For all of our grand achievements, however, the universe remains a mysterious and forboding place. We still wonder who we are, where we came from and where we're going. Are we alone in the universe? Is another Ice Age on the way? Did black kings once rule the vine-shrouded jungles of Central America? There are many mysteries that both trouble and intrigue us, the extinction of the dinosaurs, the origin of the great Egyptian pyramids, the existence of ESP.

Questions like these continue to haunt our dreams, even as we head into the new millennium. It is unlikely we will ever know all the answers - yet, we keep searching for clues. We look to the stars, dig up ancient tombs, resurrect the bones of long-dead beasts. "Our universe is a sorry little affair unless it has in it something for every age to investigate," the philosopher Seneca once remarked. "Nature does not reveal her mysteries once and for all."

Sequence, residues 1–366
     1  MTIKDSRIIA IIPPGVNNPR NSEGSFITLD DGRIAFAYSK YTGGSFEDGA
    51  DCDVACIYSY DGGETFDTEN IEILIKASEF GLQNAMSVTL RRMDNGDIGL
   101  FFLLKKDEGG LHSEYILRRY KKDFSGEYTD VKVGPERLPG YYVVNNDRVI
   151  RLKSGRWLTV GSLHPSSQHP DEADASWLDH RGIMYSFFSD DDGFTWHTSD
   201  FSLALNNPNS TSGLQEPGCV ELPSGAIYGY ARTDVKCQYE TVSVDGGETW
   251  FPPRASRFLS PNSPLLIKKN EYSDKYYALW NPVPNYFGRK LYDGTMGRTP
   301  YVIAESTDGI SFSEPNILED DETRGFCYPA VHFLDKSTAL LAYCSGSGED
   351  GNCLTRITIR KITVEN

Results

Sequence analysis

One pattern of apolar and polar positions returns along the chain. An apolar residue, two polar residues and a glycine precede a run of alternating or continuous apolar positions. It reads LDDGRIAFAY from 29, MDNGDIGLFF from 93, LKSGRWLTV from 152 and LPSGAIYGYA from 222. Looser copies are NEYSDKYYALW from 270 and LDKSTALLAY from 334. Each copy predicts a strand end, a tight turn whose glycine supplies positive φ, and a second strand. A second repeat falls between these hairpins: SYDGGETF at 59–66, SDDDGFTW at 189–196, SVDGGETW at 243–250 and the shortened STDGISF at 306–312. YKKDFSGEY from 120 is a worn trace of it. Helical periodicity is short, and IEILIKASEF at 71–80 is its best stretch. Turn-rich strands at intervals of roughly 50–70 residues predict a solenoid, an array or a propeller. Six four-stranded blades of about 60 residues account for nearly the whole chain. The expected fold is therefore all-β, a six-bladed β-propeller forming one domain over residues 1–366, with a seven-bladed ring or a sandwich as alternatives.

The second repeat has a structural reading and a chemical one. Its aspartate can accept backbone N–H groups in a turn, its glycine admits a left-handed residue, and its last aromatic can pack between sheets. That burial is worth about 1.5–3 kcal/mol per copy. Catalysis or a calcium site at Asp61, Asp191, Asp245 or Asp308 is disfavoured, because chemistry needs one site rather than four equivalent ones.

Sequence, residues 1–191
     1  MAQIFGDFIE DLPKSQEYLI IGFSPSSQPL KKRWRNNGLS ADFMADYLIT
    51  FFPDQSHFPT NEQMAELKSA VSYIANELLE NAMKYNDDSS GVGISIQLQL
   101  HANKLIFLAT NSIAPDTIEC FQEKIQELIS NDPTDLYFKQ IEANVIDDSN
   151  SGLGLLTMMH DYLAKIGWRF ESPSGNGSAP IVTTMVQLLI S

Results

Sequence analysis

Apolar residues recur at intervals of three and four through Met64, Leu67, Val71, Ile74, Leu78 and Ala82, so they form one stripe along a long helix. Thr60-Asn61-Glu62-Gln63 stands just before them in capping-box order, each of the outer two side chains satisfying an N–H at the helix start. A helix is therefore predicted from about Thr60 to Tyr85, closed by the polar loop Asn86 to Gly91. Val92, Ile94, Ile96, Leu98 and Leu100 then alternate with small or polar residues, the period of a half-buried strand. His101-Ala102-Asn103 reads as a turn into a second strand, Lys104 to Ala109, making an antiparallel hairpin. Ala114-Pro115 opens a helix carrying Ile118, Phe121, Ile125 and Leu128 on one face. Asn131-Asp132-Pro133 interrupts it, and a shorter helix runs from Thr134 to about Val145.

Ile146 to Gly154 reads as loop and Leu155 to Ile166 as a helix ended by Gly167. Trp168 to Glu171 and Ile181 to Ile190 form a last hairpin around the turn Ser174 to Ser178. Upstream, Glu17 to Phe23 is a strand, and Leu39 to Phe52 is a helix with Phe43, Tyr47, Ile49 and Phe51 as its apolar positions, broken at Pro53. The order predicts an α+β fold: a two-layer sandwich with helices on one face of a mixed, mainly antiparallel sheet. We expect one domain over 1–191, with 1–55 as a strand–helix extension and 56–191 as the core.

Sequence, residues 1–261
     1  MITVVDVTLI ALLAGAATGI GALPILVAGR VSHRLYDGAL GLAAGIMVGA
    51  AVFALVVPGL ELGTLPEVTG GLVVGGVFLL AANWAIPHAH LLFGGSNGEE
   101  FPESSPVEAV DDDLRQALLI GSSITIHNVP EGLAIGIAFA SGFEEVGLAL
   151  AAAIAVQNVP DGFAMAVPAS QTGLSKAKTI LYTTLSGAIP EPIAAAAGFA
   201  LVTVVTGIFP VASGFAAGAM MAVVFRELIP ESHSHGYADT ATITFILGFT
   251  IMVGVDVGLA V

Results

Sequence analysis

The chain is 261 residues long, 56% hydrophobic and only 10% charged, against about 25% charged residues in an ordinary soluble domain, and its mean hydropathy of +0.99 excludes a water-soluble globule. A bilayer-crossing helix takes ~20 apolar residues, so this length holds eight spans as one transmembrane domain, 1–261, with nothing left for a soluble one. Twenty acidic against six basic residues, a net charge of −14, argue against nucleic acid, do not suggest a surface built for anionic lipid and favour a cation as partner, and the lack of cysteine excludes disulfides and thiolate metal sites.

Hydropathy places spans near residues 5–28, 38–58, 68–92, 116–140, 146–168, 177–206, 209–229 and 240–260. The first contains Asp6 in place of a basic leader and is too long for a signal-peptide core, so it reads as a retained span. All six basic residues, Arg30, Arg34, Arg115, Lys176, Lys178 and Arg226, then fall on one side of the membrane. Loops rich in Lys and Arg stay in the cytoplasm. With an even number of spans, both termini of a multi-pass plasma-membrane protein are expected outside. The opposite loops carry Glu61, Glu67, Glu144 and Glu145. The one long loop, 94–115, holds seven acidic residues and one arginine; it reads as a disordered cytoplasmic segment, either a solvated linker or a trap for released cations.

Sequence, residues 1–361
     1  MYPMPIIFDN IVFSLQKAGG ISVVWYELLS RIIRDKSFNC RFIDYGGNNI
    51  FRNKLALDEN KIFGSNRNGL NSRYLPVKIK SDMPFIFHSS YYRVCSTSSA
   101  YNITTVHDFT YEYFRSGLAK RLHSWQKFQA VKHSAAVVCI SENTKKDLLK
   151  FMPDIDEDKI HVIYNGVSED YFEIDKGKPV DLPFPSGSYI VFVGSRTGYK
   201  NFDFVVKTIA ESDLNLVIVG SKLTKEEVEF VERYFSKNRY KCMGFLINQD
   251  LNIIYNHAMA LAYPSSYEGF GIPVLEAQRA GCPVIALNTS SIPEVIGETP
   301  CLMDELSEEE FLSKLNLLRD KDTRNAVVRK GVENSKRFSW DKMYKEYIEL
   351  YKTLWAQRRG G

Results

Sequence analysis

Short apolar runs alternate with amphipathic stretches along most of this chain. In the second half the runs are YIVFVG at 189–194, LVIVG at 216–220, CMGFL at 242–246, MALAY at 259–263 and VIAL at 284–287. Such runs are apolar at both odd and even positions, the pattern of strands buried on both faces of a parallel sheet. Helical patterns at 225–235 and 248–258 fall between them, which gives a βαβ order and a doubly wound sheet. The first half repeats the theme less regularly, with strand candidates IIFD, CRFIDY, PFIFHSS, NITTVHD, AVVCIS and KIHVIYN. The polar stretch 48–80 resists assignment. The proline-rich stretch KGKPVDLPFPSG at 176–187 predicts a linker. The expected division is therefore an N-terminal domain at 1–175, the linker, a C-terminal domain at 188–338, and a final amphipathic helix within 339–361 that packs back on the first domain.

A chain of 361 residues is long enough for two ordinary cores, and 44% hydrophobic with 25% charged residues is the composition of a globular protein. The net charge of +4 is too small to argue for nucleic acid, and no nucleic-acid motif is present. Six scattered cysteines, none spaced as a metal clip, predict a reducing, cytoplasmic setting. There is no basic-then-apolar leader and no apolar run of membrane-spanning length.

We mortals should be grateful. We need mysteries to keep our lives in balance, to keep alive the fear and wonder. Without mysteries, life would be boring. Who'd want to live in a world without Bigfoot and Atlantis and the Bermuda Triangle? One thing all mysteries have in common is that there is no ready answer. Often there are many answers but none on which even the majority of authorities agrees. Although truth is often impossible to discover, the search is fascinating.

Millions of American schoolchildren have been taught that in 1492, when Columbus set sail, nearly everyone in Europe believed that the world was flat. Everybody knows that this is true . . . except that it isn't. It takes about fifteen minutes of research in a decently stocked library to find out that the ancient Greeks knew the actual shape of the Earth by the fourth century B.C.E., that this information was preserved in Europe through the Dark Ages in the writings of late classical encyclopedists such as Martianus Capella, and that all through the Middle Ages, the spherical nature of the Earth was a basic axiom of cosmology known to everyone with a basic education.